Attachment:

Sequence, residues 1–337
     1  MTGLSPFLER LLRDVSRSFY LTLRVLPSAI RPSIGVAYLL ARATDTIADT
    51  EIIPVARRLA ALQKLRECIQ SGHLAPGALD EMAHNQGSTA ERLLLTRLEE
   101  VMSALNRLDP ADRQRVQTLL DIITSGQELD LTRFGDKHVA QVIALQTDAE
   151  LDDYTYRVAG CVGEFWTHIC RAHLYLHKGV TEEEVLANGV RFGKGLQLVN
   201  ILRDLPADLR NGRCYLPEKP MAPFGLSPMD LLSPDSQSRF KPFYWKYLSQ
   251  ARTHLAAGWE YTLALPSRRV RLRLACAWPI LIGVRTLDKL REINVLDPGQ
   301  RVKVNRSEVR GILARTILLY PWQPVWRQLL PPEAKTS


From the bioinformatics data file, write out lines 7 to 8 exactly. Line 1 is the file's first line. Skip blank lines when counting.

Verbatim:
   251  ARTHLAAGWE YTLALPSRRV RLRLACAWPI LIGVRTLDKL REINVLDPGQ
   301  RVKVNRSEVR GILARTILLY PWQPVWRQLL PPEAKTS